Chickens were first domesticated in southwestern China
Study contradicts the earlier claim that they were reared in northern China and Indus Valley.
A recent study by scientists has revealed new details about the earliest domestication of chicken. The DNA sequencing of 863 genomes has showed the first domestication of chicken occurred in southwestern China, northern Thailand and Myanmar.
- A collaborated study, which involved sequencing of genomes from all four species of the genus Gallus, five sub-species of Red Jungle Fowl and various domestic chicken breeds collected worldwide, revealed single domestication from Red Jungle Fowl sub-species Gallus gallus spadiceus.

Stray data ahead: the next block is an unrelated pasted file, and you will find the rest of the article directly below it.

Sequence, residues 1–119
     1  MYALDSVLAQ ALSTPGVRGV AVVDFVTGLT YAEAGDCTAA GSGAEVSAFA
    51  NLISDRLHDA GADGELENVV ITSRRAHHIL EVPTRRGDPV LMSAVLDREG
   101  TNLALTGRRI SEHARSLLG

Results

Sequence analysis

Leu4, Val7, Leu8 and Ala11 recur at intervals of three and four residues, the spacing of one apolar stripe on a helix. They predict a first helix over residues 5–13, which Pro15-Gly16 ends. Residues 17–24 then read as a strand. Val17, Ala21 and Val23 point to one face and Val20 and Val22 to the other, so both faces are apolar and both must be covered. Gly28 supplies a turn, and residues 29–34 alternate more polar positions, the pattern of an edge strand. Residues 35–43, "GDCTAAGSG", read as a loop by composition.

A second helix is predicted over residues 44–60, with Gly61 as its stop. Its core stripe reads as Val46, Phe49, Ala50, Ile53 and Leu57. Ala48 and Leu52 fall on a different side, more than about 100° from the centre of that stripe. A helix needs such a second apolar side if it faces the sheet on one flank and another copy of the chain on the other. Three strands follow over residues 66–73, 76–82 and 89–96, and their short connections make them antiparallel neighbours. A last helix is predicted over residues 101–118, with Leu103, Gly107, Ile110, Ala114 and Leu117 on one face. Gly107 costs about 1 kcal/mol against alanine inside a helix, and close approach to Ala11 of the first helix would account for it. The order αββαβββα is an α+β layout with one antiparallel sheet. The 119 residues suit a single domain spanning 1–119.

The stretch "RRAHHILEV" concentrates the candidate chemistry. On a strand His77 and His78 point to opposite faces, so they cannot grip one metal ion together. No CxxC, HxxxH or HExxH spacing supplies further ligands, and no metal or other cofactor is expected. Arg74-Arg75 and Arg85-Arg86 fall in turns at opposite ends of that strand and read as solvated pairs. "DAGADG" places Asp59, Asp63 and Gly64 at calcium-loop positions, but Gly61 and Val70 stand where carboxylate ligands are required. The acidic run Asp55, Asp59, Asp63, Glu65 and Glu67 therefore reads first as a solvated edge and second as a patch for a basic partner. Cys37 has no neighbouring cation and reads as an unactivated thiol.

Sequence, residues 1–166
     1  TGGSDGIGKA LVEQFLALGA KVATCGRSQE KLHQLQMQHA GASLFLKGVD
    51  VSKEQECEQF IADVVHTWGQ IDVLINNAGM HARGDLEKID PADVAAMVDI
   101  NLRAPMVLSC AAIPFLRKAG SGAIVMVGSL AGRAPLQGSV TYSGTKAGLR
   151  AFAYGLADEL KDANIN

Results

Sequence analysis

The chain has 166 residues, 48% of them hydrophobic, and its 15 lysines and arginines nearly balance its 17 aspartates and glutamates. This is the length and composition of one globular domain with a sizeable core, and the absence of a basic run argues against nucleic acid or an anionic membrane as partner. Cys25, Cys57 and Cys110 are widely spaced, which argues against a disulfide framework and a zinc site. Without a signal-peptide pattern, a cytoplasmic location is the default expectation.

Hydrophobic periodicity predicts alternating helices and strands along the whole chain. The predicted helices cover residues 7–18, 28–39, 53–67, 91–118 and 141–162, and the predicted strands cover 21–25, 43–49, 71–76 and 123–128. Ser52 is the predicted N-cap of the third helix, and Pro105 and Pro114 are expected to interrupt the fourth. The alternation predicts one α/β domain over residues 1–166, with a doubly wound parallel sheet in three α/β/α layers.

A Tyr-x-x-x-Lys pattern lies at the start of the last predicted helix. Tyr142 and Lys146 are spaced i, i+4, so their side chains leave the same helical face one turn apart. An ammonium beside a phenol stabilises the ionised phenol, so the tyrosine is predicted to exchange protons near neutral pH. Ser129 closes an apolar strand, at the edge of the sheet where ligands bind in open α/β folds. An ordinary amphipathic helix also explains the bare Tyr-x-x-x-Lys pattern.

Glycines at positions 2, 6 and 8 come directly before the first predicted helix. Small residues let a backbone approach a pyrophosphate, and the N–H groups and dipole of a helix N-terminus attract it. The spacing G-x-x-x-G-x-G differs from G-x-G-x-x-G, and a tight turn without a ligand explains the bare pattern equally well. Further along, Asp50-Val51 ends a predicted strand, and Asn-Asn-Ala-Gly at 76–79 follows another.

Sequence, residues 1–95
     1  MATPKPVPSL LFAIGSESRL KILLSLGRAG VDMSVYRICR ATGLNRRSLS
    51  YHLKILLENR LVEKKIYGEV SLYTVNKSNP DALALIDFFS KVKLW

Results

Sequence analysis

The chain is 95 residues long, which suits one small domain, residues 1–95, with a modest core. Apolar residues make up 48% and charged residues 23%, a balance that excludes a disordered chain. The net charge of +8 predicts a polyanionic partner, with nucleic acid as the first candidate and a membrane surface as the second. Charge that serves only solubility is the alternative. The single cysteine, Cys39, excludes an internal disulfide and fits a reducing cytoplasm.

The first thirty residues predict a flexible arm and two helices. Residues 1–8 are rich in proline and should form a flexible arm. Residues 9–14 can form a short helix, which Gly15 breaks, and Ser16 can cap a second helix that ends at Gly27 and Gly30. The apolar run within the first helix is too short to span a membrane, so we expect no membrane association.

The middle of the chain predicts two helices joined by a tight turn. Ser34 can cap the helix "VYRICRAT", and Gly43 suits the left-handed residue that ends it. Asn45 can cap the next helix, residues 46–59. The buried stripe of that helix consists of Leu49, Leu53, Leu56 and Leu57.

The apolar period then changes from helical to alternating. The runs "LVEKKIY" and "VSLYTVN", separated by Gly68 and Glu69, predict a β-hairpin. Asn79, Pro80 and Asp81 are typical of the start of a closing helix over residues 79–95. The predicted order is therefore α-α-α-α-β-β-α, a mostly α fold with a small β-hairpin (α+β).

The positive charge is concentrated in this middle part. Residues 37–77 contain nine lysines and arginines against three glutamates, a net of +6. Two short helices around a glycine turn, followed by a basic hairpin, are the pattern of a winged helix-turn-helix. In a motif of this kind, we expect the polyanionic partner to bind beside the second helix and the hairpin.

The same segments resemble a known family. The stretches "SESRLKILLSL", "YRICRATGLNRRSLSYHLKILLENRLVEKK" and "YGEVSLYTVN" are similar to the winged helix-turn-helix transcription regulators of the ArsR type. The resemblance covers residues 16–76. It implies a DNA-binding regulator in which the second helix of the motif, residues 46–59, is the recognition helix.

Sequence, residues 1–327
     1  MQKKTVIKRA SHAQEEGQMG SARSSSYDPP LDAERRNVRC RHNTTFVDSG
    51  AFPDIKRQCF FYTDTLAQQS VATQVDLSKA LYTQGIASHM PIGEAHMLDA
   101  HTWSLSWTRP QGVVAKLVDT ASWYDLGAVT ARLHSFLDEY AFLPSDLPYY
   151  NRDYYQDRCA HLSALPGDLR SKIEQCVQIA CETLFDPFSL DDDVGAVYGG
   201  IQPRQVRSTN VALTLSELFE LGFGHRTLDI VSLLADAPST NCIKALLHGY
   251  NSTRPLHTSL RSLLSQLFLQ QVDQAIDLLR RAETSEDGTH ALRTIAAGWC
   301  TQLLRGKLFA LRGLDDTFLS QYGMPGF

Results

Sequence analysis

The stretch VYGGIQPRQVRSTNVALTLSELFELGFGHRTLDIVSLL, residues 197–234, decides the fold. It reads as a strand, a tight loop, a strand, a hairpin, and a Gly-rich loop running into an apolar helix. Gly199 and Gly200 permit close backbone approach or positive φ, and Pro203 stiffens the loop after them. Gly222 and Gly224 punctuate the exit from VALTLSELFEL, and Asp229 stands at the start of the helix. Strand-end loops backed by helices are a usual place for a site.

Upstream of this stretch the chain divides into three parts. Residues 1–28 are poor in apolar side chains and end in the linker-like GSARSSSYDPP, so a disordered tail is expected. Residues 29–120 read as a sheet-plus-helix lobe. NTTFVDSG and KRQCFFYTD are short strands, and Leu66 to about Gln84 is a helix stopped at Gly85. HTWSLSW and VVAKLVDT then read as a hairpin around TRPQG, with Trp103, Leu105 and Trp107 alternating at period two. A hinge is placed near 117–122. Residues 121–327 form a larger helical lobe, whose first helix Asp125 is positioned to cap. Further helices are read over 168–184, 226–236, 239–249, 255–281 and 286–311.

- The study also demonstrated that all five Red Jungle Fowl sub-species were genetically differentiated from each other approximately 50,000 years ago (much earlier than domestication), corresponding to their geographic ranges and taxonomic classifications.
- The question of domestication of chickens has intrigued scientists for centuries. Charles Darwin postulated that chickens were domesticated around 4,000 B.C. from a single ancestor, Red Jungle Fowl in the Indus Valley. An important study published earlier from Uppsala University claimed the Grey Jungle Fowl had contributed to chicken domestication.